Review: Fury at Midway

When approaching any new game or subject, especially that of a battle or campaign, I try to reinforce and synthesize my understanding as much as possible. A force multiplier you might say.

And of all the studies and readings of the Second World War, my knowledge of the Pacific theater was lacking. Until recently. I picked up a copy of Richard Frank’s Tower of Skulls and plunged straight in. Leaving off right before the events of Coral Sea and Midway, I moved on to Craig Symond’s The Battle of Midway, and excellent work. And for the longest time, I’d been itching to get my hands on some sort of Midway game. And along came Fury at Midway, designed by Yasushi Nakaguro and published by Revolution Games in 2020.

Although I was not able to play with a live opponent, my solitaire experience left a rather favorable impression. The components are excellently produced, the art is clean and the color palette pops. This is a low complexity game where the main game mechanic relies on air operations points which are derived from the relative distance between the Japanese and American fleets. These points allow for the launching and attacking of planes but also the return and landing of aircraft. Management of the carriers decks will be key to anticipating enemy counterattacks.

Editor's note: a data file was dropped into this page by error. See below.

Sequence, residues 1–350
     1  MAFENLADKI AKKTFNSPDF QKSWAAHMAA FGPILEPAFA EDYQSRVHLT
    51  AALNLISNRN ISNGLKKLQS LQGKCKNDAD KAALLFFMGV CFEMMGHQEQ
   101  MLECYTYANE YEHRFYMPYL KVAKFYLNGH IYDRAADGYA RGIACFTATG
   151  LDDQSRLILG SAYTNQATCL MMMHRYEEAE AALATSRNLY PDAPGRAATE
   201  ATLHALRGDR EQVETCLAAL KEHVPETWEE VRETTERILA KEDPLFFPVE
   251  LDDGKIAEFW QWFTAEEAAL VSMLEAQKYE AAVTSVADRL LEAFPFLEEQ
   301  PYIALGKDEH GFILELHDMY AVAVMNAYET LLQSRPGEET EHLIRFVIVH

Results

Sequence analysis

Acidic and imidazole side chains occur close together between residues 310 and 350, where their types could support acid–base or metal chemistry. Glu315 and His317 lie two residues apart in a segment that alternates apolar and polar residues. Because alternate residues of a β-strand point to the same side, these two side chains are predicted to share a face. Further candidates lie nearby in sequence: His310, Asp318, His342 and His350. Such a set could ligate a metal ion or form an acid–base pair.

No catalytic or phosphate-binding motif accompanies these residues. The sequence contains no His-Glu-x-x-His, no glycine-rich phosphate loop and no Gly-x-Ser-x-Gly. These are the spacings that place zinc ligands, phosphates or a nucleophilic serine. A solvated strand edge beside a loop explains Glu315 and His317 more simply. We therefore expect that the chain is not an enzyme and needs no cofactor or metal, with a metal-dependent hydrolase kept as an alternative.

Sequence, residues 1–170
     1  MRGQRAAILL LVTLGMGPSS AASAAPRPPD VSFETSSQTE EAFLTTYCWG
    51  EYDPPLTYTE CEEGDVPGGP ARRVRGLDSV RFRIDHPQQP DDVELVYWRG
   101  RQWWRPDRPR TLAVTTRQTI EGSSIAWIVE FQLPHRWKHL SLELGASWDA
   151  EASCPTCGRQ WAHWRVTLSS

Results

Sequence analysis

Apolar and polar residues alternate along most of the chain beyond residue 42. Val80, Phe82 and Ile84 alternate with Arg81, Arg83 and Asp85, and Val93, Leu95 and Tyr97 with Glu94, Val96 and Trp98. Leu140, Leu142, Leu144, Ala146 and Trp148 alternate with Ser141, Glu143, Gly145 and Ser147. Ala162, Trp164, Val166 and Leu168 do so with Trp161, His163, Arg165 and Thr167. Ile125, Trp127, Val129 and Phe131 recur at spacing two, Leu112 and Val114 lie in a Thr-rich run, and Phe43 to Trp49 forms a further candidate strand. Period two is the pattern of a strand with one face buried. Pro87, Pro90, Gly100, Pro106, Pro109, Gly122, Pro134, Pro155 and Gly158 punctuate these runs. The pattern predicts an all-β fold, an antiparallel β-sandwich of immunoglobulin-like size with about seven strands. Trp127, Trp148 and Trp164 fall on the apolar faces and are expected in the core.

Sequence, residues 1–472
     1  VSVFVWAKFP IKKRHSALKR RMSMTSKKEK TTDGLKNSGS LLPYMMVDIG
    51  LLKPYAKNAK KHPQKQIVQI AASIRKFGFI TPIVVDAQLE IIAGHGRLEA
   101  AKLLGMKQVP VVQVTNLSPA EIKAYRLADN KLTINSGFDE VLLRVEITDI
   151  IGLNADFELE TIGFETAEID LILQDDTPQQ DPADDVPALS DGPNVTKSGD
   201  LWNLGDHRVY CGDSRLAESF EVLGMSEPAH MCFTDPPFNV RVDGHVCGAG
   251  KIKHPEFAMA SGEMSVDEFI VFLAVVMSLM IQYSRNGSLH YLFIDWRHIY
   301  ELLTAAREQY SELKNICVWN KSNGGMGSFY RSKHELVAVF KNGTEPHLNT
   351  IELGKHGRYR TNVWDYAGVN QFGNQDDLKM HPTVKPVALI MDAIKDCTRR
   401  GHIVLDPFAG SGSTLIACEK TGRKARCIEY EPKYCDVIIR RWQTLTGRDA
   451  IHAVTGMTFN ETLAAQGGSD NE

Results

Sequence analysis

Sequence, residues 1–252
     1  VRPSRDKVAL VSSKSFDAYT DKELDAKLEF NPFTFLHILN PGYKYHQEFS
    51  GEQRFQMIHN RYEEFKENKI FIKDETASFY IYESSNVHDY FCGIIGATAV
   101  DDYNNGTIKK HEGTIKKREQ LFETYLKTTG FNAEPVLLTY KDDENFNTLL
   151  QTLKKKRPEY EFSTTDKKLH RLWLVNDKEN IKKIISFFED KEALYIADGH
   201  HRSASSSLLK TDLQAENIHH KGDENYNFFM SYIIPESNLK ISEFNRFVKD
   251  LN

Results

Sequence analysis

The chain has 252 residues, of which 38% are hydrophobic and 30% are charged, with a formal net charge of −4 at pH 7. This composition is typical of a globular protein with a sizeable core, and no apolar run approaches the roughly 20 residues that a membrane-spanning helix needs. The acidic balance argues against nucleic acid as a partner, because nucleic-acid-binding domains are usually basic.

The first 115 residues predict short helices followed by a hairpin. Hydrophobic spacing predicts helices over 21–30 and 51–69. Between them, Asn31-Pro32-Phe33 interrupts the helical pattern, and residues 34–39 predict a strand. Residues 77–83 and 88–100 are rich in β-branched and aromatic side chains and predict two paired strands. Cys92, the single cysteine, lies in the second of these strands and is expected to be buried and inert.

The variable determination of initiative heightens the tension and abstractly showcases the time it takes for attack planes and their escorts to locate and find the enemy carriers. Additional chrome rules add historical flavor: die modifiers for combinations of Japanese attack planes when targeting carriers, the formation of large Japanese strike groups, and the ability of the Americans to more favorably attack their carrier division of choice, are just some examples.

To win, the sinking of carriers is key. If a certain ratio is not achieved by the end of the first day, a tally is conducted including sunk carriers and possession of Midway.

This is my first Pacific theater war game and I applaud it’s balance of historicity, low complexity and ease of play. This will be a title I return to in the future whenever I have an carrier battle itch that can be scratched in an hour or two.

More in depth thoughts below.

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